1904-1917 ‘Schrade’ crafted in an arc, ‘Cut. Co’ in a straight line Just Walden, NY
1917-1946 The ‘Schrade Cut.Co’ phrase entirely in a straight line Same as before but added the USA alongside in the mid-1940s
1973 Same as before Walden was removed from the tag stamps. Before that, ‘Schrade Walden’ was crafted on them. 
1973-2004 Just ‘Schrade’ NY, USA, or the just USA

You can find several other stamp charts online to mix and match the data derived from your knife. Plus, the online communities sometimes come up with these detailed charts full of personal experience and observations.

Such charts are practically goldmines in determining the origin of an antique Schrade knife. Remember, you can find out about the tang stamp by looking at the blade’s base. After that, you have to look through all the examples to see which generation your knife belongs to.

Special Markings

Sometimes, the tang stamps will have some specific engraving that you might miss out on at first glance. So, sit down with your magnifying glasses and light bulb boxes to thoroughly check their signature designs.

The OT and UH ones are the most common Schrade knife markings. Here’s a brief overview of their differences.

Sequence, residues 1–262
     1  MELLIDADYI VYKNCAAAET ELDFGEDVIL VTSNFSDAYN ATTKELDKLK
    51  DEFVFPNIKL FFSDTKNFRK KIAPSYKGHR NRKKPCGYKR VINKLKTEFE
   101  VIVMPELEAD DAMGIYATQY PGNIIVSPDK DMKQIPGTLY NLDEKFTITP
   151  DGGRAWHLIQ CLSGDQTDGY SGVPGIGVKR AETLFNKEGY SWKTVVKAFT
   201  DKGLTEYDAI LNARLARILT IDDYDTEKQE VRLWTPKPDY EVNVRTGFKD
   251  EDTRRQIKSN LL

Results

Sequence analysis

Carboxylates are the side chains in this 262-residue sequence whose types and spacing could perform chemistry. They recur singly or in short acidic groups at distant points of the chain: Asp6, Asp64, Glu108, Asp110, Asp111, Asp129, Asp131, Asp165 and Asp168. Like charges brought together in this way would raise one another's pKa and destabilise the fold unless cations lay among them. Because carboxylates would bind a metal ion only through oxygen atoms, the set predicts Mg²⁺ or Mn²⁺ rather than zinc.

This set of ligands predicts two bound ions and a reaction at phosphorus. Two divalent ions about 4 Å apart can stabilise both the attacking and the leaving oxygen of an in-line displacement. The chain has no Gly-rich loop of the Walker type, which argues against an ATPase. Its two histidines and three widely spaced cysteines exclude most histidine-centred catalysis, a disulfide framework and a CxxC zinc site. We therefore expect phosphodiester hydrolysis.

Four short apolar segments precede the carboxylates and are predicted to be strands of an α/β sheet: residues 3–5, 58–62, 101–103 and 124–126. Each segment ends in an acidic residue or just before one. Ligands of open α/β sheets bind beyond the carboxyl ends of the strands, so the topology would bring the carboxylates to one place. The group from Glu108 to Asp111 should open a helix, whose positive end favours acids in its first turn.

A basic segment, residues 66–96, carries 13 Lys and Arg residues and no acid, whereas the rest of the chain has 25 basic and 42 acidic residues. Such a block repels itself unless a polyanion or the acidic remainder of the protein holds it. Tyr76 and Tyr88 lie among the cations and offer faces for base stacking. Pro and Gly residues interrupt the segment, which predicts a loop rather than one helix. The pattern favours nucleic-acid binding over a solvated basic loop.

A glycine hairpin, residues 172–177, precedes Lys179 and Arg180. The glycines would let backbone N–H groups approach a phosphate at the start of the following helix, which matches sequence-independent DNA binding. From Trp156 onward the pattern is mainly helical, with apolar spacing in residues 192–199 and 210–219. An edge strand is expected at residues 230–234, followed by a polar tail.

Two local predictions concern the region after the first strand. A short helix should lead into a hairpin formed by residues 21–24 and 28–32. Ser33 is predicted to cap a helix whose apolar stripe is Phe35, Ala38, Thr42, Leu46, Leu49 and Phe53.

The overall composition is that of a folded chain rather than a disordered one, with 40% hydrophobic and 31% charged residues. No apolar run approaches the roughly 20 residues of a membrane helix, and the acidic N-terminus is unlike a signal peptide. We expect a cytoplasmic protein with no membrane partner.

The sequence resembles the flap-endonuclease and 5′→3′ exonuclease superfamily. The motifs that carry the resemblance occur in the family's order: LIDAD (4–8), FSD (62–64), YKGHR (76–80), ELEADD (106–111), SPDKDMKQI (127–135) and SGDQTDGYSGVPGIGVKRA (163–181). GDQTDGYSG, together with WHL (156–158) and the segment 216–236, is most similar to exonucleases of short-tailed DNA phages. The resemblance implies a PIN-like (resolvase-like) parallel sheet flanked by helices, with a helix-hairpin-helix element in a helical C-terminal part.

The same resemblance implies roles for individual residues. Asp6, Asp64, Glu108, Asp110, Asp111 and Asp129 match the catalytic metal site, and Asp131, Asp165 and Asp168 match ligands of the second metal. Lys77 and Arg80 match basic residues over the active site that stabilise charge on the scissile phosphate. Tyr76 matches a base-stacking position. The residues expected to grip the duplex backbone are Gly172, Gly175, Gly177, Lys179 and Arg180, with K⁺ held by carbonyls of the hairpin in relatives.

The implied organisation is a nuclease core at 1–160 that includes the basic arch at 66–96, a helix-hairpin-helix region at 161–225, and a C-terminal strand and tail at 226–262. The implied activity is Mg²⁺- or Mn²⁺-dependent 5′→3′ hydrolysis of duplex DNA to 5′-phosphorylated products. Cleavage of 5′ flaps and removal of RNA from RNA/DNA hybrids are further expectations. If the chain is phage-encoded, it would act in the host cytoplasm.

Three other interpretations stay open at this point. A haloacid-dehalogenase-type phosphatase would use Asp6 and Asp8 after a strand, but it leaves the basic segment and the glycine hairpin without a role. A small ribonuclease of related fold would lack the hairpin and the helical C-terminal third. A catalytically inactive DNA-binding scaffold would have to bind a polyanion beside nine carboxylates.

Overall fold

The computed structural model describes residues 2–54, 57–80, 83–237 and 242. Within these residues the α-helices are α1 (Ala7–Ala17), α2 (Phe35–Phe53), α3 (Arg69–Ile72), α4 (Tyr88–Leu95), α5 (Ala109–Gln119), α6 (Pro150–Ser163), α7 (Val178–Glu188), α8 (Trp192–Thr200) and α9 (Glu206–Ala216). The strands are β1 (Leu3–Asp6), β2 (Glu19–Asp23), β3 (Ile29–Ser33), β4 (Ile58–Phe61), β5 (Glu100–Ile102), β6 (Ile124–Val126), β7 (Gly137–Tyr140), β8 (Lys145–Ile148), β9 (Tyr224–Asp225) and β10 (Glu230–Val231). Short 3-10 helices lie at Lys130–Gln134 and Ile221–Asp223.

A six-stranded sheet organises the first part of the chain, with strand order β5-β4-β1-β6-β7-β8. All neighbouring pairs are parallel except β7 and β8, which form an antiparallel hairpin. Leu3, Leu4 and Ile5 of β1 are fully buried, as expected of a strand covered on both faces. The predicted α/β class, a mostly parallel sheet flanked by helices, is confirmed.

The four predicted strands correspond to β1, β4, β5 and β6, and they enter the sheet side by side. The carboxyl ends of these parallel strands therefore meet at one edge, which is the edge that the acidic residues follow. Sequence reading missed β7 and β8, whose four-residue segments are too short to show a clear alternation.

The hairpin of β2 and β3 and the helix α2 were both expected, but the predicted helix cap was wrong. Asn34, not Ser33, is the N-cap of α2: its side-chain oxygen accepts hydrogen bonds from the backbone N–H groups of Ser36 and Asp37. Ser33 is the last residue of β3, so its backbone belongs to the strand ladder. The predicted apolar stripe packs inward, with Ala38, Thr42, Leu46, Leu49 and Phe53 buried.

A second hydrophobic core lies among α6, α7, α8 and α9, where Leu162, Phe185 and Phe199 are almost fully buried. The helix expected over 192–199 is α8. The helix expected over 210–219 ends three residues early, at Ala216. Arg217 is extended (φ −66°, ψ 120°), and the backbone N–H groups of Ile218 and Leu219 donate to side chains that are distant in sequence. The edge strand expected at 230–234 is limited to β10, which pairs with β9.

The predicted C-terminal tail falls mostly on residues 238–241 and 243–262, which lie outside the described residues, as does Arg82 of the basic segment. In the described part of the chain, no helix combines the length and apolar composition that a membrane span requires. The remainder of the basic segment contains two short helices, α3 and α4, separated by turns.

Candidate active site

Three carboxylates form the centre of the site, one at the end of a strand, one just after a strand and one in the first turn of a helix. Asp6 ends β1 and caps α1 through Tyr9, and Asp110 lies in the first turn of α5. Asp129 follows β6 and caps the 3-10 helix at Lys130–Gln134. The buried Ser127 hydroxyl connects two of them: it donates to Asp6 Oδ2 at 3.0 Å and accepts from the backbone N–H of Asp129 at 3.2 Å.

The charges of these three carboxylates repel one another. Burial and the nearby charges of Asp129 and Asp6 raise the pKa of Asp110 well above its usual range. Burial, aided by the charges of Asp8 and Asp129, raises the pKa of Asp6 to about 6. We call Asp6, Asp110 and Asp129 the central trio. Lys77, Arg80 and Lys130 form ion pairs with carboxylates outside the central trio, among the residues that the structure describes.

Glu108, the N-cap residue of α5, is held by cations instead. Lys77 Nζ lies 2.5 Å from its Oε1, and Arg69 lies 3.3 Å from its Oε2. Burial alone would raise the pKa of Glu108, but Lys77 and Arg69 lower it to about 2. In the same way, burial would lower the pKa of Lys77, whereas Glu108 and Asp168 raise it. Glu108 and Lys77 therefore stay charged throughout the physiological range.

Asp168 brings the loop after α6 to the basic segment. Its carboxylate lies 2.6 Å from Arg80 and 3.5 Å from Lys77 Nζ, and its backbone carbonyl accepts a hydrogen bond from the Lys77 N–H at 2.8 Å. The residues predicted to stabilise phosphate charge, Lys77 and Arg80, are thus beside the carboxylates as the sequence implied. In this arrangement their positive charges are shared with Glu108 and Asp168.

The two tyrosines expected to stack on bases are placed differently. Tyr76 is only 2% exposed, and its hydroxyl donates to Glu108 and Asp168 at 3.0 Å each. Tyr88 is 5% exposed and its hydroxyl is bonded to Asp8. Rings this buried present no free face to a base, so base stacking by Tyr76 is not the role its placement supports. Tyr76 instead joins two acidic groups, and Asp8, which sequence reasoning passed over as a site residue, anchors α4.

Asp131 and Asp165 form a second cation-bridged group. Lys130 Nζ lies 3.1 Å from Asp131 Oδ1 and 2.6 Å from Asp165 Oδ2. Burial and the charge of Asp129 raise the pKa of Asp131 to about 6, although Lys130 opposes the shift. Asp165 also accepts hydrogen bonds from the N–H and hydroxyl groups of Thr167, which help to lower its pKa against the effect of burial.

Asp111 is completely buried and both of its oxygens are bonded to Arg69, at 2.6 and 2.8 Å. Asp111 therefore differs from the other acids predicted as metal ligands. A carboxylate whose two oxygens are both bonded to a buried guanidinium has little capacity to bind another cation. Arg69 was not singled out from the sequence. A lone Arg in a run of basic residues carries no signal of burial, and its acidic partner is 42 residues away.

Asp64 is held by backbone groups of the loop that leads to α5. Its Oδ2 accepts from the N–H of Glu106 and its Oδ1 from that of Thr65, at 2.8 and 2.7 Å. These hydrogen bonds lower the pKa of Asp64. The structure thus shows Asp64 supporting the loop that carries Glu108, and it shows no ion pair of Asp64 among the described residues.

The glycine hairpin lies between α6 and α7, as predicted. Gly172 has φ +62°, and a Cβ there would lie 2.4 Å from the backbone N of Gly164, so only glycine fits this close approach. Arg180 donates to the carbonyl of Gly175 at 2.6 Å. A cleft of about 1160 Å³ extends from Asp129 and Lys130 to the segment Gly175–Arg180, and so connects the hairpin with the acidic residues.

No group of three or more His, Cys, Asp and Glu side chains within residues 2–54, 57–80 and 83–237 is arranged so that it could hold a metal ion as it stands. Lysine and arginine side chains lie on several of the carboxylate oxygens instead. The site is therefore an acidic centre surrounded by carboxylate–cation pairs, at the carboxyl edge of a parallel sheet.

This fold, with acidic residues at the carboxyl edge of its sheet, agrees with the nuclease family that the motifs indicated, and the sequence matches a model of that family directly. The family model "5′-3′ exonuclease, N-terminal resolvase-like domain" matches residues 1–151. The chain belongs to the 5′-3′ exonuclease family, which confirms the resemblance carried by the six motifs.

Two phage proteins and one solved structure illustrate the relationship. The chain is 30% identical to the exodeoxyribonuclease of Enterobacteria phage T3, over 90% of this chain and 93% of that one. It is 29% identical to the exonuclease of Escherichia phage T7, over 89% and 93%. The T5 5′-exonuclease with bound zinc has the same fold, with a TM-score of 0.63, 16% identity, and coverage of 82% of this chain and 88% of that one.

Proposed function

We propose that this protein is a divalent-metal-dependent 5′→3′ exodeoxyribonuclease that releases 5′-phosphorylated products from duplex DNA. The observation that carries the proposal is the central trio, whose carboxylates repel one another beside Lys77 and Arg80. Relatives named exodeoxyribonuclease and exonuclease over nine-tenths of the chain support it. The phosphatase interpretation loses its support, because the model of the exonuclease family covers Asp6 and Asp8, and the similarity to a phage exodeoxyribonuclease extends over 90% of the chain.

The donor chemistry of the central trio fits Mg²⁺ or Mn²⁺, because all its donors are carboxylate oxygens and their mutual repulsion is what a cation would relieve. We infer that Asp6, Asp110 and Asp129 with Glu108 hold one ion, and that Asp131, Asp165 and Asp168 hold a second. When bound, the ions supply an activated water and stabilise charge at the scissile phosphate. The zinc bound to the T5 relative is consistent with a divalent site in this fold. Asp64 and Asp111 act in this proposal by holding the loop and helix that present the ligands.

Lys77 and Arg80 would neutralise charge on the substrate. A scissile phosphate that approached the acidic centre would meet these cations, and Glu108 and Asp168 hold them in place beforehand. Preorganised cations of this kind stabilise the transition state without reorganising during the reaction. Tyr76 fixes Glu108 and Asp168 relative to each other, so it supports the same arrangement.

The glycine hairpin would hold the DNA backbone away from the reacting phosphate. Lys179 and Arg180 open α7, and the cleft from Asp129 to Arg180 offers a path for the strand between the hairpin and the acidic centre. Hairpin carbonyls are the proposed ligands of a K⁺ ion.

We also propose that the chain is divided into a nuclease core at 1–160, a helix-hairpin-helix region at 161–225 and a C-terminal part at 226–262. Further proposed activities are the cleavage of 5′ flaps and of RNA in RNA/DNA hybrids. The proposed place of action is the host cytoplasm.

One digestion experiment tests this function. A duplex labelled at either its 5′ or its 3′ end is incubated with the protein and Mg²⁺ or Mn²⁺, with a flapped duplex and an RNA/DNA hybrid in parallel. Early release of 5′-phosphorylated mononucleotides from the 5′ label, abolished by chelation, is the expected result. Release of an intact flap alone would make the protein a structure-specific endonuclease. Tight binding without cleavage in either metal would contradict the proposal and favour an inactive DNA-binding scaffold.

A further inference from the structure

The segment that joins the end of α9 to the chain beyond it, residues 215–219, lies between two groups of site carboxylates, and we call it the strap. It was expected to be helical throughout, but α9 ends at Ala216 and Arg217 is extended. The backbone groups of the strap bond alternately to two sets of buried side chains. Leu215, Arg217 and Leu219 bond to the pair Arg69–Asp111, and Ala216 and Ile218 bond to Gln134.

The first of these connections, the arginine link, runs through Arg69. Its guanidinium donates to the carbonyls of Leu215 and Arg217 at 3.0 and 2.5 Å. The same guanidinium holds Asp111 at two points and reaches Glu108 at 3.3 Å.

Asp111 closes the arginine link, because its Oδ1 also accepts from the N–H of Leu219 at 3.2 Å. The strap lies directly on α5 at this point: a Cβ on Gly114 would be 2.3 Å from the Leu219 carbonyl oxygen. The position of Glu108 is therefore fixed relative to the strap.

OT (Old Timer) UH (Uncle Henry)
Manufactured from 1958 to 2002 Manufactured from 1965 to 2004
Primarily made with carbon-steel blades Primarily made using stainless steel blades
Considerably antique design Considerably modern design

Many such markings can shed light on the Schrade knife’s origin. All you have to do is to keep a detailed record of such findings. And then research extensively via the personalized charts, which will ultimately lead you to their manufacturing period.

Can You Date A Schrade Knife Down To Its Manufacturing Year?

You can, actually. However, there are a few conditions for that to happen. For instance, if it’s a –

  • time-limited design/ discontinued manufacturing after a single year or so